“Convenience, design, location – these make people attracted to move into a new place, but it is the community that makes them stay longer. This is why it is vital that people get onboarded to the building with clear expectations about the community and how they fit into it, too.”Carlota Gil Carretero, Urban Campus
Distinguish between managing relationships vs. facilitating them
Creating the first spark for people to network and connect is the community manager’s responsibility. Once people get neighbourly enough, it is best to help them and let them create their own activities and events.
“Residential communities are not comparable to a hotel experience – operators should allow tenants to be the leaders of the shared living experience. It is the tenants’ job to make the community function. A good balance is having events equally organised by the staff, and the community members. The game changer is to take some of the budget that would normally be used by the operator for community activities and allocate that equally to tenant groups for creating activities they want to be involved in instead.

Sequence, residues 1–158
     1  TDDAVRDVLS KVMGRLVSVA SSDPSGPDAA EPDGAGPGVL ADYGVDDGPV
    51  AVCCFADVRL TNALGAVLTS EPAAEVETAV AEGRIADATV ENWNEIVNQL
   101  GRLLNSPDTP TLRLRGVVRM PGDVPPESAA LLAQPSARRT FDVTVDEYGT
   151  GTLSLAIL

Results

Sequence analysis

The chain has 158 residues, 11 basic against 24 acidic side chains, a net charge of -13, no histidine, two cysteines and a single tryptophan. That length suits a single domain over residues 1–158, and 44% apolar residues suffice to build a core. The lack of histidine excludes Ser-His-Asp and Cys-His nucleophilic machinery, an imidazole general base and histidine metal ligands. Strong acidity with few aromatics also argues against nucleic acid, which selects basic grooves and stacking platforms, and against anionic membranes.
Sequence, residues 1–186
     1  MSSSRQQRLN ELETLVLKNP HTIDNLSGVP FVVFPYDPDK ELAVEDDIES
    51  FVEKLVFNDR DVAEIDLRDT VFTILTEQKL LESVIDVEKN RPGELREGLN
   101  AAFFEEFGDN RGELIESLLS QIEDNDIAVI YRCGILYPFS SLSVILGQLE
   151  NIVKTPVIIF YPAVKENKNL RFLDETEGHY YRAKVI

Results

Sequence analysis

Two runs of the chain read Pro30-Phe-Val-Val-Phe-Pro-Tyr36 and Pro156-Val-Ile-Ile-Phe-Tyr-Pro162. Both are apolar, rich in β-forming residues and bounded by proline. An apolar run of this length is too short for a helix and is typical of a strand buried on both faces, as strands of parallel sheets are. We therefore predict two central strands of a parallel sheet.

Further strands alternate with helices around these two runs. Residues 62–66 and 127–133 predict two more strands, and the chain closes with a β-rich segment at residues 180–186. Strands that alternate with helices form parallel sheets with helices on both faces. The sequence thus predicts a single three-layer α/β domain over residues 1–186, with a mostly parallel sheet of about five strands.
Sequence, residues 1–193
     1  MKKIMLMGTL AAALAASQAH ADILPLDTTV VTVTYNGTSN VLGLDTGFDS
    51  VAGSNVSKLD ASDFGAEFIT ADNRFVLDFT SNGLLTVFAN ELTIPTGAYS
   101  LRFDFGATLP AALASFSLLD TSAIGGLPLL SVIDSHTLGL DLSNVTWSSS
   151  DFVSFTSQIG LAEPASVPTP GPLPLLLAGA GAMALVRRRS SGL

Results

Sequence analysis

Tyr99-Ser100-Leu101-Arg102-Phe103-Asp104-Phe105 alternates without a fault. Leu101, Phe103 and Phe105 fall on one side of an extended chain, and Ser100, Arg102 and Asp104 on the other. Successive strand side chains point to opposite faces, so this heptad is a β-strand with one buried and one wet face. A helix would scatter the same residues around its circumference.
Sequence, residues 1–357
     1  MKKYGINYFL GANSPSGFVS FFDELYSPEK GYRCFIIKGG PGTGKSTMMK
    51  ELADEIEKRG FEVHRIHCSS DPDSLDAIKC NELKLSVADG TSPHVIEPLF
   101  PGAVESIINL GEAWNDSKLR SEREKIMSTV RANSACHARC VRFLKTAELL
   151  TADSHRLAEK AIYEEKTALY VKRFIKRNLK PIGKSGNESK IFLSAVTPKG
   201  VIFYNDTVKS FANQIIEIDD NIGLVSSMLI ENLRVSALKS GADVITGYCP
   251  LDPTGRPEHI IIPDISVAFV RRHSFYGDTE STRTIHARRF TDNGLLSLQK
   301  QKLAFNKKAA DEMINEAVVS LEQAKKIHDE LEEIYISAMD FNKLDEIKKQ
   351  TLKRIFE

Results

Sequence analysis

“The best events and activities are those that are organised by the tenants themselves, and most successful communities have facilitators, not managers who take all decisions themselves from a bottom-up perspective.”Carlota Gil Carretero, Urban Campus
Rituals are an ancient part of human nature; they serve the need to have predictability in life. In living spaces, coordinated and regular activities help people get bonded with ease, which eventually contributes to the formation of long-lasting relationships in the space.
Rituals come in all kinds and purposes.
“A simple example – we organise community meals every two weeks, and people know that these meals will take place no matter what. On top of that, there is at least one event that we organise per month that tenants can look forward to. It is important for the community managers to initiate the rituals, and then let tenants create theirs as well.”Carlota Gil Carretero, Urban Campus
Create learning and growth in the space
Living spaces that contribute to the higher growth of its residents will have an impact on tenants’ satisfaction with their stay in the building. Regardless of the type of residential space, be it student housing, co-living, or multifamily, run workshops that add value to tenants’ lives in the building, and out of it.
“Today, people really appreciate community meetings where people come together in a safe space, listen and bond without judging, speak about their personal experiences and create a vulnerable space. If we are building communities, we need to make sure that people have a deeper bond beyond the fun and entertainment – that they also go through difficult things together. If people get out of their apartments, trust each other and speak about problems, we’ll know that such communities will last longer; and grow.
“For example, we’ve seen spaces giving workshops on the basics of conscious communication. Though so underestimated, this is very important in multi-tenant spaces.”Naima Ritter Figueres, Conscious Coliving